A U.S. government defense contractor, Electronic Warfare Associates (EWA), was a victim of a data breach due to an email phishing incident. Per a disclosure notification dated November 4, 2021, the defense contractor EWA was a victim of a phishing email on August 2, 2021. The incident was discovered when the hacker initiated a wire fraud, and the theft was detected. The defense contractor believes it was not an attack to purloin personal information but a direct financial theft attempt. But as discovered, the attack exposed certain personal information and files, including Social Security Number and driver’s license.
— VERIS Community DB (@VERISDB) November 7, 2021
In a letter to its clients, EWA detailed the incident, what followed as investigation (third party forensics), the impact of the breach, and the steps taken as incident response. In response to the incident, EWA has offered a free fraud detection and identity theft protection through Equifax’s Complete Premier services at no charge for two years.
EWA’s customer list includes the Department of Defense (DOD) – Office of the Secretary of Defense (OSD), Defense Advanced Research Projects Agency (DARPA), Department of the Navy (USN), Department of the Army (USA), Department of the Air Force (USAF), Unified Military Commands, Department of Homeland Security (DHS), and Department of Justice (DOJ).
Some of its services include Computer Forensic Analysis, Data Recovery, Electronic Warfare (EW) Analysis and Support, EW and RF Engineering and Systems Services among others.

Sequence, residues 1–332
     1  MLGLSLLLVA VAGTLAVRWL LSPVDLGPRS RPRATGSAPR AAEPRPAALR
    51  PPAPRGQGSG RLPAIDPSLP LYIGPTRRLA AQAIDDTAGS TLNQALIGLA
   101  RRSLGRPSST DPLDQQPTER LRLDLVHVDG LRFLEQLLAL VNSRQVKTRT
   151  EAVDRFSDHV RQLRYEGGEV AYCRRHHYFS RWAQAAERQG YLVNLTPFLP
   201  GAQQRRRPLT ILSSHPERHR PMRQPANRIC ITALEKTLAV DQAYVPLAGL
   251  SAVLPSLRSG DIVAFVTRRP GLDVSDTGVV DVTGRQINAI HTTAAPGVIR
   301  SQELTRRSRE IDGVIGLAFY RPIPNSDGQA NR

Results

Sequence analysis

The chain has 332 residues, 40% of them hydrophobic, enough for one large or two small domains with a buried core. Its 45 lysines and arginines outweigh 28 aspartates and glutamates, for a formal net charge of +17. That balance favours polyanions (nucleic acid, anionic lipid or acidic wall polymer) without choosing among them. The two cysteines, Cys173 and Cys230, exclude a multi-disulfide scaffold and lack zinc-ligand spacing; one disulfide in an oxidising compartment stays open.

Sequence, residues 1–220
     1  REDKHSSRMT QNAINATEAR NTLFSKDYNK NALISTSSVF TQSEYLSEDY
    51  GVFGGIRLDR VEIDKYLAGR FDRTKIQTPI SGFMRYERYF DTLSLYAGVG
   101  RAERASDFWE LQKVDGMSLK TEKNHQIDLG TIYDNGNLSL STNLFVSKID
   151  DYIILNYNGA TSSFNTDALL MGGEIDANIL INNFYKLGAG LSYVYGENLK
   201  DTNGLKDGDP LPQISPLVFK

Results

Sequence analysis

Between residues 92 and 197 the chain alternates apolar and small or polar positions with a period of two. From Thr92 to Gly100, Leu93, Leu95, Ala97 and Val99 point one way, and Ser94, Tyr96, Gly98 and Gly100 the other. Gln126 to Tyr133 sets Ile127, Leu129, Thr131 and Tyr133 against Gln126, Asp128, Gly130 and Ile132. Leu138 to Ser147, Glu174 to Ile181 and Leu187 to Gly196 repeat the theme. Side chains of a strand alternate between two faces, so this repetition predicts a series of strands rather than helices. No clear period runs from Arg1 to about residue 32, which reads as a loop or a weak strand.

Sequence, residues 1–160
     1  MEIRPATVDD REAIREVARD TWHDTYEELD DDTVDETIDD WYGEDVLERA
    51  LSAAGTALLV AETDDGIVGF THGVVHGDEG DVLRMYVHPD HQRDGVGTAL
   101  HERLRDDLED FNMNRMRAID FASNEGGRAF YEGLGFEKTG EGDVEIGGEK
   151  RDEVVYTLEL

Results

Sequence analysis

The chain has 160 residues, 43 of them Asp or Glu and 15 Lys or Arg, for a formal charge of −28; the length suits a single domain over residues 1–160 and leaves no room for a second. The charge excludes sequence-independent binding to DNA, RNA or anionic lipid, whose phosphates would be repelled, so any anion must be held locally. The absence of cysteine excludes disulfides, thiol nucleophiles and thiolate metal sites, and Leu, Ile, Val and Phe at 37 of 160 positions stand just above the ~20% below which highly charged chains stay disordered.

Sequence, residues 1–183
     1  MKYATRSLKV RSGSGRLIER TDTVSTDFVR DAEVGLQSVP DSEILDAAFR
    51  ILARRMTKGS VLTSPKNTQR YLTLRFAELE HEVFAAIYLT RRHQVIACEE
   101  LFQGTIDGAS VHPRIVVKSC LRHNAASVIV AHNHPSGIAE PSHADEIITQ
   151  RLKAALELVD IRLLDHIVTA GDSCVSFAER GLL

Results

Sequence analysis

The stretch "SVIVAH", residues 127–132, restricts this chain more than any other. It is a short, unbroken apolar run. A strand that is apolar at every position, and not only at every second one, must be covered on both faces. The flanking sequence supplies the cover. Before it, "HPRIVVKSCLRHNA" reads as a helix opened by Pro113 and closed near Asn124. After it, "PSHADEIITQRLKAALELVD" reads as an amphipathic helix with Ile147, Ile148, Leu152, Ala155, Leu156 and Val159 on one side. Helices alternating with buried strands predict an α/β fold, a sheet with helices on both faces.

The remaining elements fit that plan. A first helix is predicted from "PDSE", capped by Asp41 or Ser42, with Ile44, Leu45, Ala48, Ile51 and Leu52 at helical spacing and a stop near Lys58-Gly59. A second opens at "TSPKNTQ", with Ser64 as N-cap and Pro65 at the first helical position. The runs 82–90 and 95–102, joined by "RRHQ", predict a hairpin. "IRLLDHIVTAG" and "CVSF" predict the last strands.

A data breach of any kind does expose critical sensitive data of national importance. The company deals in highly sensitive military category systems, and any breach could have grave ramifications on national security.
Firms are increasingly outsourcing core and non-core systems, business processes, and data processing to third-party service providers. With the widespread adoption of software-as-a-service (SaaS) technologies, even among industries like financial services that traditionally wanted control and autonomy, build vs. buy is less of a debate than it was just five years ago. When we think of third-party relationships, we think of the direct supply chain of vendors, suppliers, and cloud providers.
In an exclusive article for CISO MAG, Alla Valente, Senior Research Analyst, Forrester, opined, “What adds to the complexity of the third-party ecosystem is that although companies have limited or no control over how third parties secure their technology infrastructure, their applications, or their data, they’re fully responsible for security, privacy, or regulatory missteps that occur during the relationship. As a result, companies are on the hook financially for fines, penalties, or revenue loss and risk their reputation when events lead to negative publicity, business disruption, or impact the customer experience. According to Ponemon Institute, third-party breaches account for over half of all data breaches in the U.S.”
It’s not surprising that breaches caused by third parties are among the most highly publicized. Some of the most notorious data breaches in recent times have occurred because of the organizations’ vendors. Unfortunately, cyberattacks caused by third parties are also among the costliest. A January 2020 Ponemon Institute report indicates that 53% of organizations have experienced at least one data breach caused by a third party in the last two years. And that, on average, the data breach costs $7.5 million to remediate.